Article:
Welcome to the Straightbourbon.com Forums.
Page 1 of 2 12 LastLast
Results 1 to 10 of 19
  1. #1
    Novice
    Join Date
    Mar 2000
    Location
    Idaho via Chicago...yeesh
    Posts
    17

    A question of yeast

    Grain is often identified as the base of a great Bourbon's flavor. I wonder, however, to what degree the yeast used in the initial ferment plays in the process. As I've learned in my experiences as a homebrewer, the variety of brewer's yeast that one uses has a delicate, but very noticable effect on a beer's final flavor. Any thoughts on this? I would guess that the rather "rough" process of distillation kills many of the more subtle notes left behind in early fermentation, but this is all speculation on my part.

    On an unrelated note, I would suggest that anyone interested in the process of making whisky learn how to make all grain beer at home. I have toured the distilleries before and after I became interested in brewing beer at home. Knowing a little more of the technical end of things really adds to one's appreciation of the difficulties in distilling Bourbon.


  2. #2
    Bourbonian of the Year 2002 and Guru
    Join Date
    Sep 1999
    Location
    Chicago
    Posts
    12,622

    Re: A question of yeast

    Just as with brewers (maybe more so), bourbon distillers are very particular about their yeast. Some use "wild" yeast (practical distillers) while others use a pure strain yeast (scientific distillers). Jim Beam, for example, uses a yeast that Jim Beam himself bred on his back porch during the closing days of Prohibition. I think that "wild" yeast strain is responsible for some of the foxy flavor of Jim Beam white label.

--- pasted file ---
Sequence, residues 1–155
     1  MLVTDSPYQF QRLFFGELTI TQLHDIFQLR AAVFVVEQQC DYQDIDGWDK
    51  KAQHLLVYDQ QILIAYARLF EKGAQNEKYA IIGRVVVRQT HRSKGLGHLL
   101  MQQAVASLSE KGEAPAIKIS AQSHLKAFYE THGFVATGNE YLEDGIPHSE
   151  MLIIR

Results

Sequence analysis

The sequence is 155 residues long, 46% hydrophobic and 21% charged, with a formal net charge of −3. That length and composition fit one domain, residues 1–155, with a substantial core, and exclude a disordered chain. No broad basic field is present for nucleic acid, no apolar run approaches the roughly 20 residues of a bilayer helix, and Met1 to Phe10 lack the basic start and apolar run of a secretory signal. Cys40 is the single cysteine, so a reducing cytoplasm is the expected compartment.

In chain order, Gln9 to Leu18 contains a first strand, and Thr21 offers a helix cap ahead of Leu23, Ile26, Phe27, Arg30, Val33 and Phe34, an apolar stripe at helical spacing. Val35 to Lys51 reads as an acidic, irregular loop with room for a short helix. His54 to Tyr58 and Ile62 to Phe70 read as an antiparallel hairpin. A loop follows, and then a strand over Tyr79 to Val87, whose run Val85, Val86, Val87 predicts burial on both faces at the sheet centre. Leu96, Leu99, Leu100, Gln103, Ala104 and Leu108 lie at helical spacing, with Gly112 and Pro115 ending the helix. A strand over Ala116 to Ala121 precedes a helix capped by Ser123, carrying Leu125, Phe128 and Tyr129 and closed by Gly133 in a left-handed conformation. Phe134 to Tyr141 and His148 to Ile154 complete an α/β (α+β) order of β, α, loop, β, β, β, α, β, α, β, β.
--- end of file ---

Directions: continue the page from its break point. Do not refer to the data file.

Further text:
The yeast's contribution to the taste of a bourbon seems best appreciated in a young whiskey. This is true of the grain qualities as well. As the whiskey matures, the influence of the wood takes over.

    <A target="_blank" HREF=http://cowdery.home.netcom.com>--Chuck Cowdery</A>

  3. #3
    Novice
    Join Date
    Mar 2000
    Location
    Idaho via Chicago...yeesh
    Posts
    17

    Re: A question of yeast

    Interesting. Belgian lambic brewers also use "wild" yeast to ferment their beers. They use open fermentation tanks to allow rain, dust and insects to fall into the fermenting wort. Although beer is made on a differing grain bill, the unique flavors of the yeast become very apparent when beers with relatively low hop schedules are compared. If you wish to see this effect for yourself, sample Chimay Ale against something like Bass Ale.

    I am surprised, however, that the character of the yeast is able to survive distillation. Would it be safe to say that most of the loss is water?

    Each area has its own microflora and microfauna that are unique in terms of their fermentation properties. I suppose that this makes Bourbon even more of a Kentucky product than I originally thought.


  4. #4
    **DONOTDELETE**
    Guest

    Re: A question of yeast

    Yeast just doesn't get much 'air time' here on the forum or in 'the books'. The Regans have about a page. Waymack & Harris have about a paragraph. Jim Murrey mentions yeast in his section on mashing, but doesn't say much more than it's used in making distiller's beer. So really there is only scant mention of yeast as just another ingredient in the mash.

    I spoke with Lincoln Henderson awhile back concerning Old Forester, and he mentioned that Brown-Forman had a full time micro-biologist to produce their yeast and to keep the strain pure.